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The Wall Street Journal: BP’s New Chief Enters the Fray

EXTRACT: Late last year, Mr. Putin forced BP rival Royal Dutch Shell PLC to cede its controlling stake in an oil and natural-gas project in the Russian Far East to state-controlled OAO Gazprom, and take junior-partner status.


First Among Hayward’s Challenges:
Move Beyond the Browne Fallout

May 3, 2007; Page A12

Hastily installed as BP PLC’s new chief executive Tuesday after his famed predecessor resigned amid a personal scandal, Tony Hayward faces a host of immediate challenges that will determine how fast the U.K. oil giant can regain direction and repair its battered reputation.

Among the toughest items on Mr. Hayward’s agenda: living down the scandal surrounding former CEO John Browne, negotiating with an increasingly assertive Kremlin over the future of BP’s lucrative joint venture in Russia, and navigating a series of regulatory and criminal inquiries into BP in the U.S.

•  Abrupt Change: New BP chief Tony Hayward must help the oil giant regain its balance after scandal.
•  Home, Abroad: Mr. Hayward faces fallout from his predecessor’s departure, political pressure in Russia and investigations in the U.S.
•  Action Plan: Mr. Hayward has signaled he plans to focus on safety and improving existing assets.
In January, BP’s board chose Mr. Hayward, 49 years old, to succeed Lord Browne, 59. Mr. Hayward was to take over at the end of July, but his transition period was cut short Tuesday, when Lord Browne stepped down following a controversy over his attempt to silence a British tabloid’s account of his relationship with a 27-year-old man.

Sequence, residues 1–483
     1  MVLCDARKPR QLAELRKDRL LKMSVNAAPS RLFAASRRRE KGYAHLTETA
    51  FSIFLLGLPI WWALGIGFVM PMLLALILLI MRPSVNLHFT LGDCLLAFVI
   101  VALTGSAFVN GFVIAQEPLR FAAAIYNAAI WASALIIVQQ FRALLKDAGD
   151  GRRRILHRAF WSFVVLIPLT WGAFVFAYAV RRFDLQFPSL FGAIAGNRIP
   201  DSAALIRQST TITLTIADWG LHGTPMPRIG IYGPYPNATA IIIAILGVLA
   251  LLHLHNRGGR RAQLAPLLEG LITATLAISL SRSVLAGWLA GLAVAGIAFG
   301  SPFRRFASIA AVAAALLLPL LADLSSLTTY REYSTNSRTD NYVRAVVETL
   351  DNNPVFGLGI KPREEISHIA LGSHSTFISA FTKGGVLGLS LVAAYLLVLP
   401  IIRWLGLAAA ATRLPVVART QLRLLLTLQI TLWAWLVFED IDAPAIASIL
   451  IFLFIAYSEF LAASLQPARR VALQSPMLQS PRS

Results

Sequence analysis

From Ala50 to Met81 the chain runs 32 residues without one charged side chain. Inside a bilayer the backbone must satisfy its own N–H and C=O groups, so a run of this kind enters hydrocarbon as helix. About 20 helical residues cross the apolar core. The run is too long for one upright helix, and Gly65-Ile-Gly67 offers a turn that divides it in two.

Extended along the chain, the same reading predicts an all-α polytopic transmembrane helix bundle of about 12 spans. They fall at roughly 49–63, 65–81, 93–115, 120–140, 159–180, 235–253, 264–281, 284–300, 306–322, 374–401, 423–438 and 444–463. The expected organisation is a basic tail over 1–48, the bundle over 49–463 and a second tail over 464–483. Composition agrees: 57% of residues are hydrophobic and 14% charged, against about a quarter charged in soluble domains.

The long-serving BP boss admitted he lied to a British court about details of the relationship, a misstep that led the court to end his legal fight to keep the affair out of the public domain. He apologized and said Tuesday he would step down immediately. A spokeswoman for Lord Browne declined to comment further yesterday on his view on the possible perjury issue or on his career plans.

On Tuesday, the company said Lord Browne would lose his entitlement to a bonus of as much as 1.3 times his annual salary, valued at more than £3.5 million ($7 million). He also will forgo inclusion in BP’s long-term performance share plan for 2007-2009, with a maximum potential value of some £12 million.
Lord Browne’s professional prospects are unclear. Apax Partners, a giant European private-equity fund whose advisory board is headed by Lord Browne, said yesterday that he would stay on in that role. A spokesman for Goldman Sachs Group Inc., on whose board of directors Lord Browne sits, declined to comment.

Lord Browne may also face legal fallout for misleading the British court. But in a ruling, London High Court Judge David Eady said he didn’t favor referring the matter to the attorney general because he considered the disclosure of Lord Browne’s private life to be sufficient punishment.

On Tuesday, a BP spokesman said Mr. Hayward had been effectively running the company for the past month. A BP spokesman yesterday declined to say when Mr. Hayward, who hasn’t commented publicly since Lord Browne’s departure, would lay out his strategy as CEO.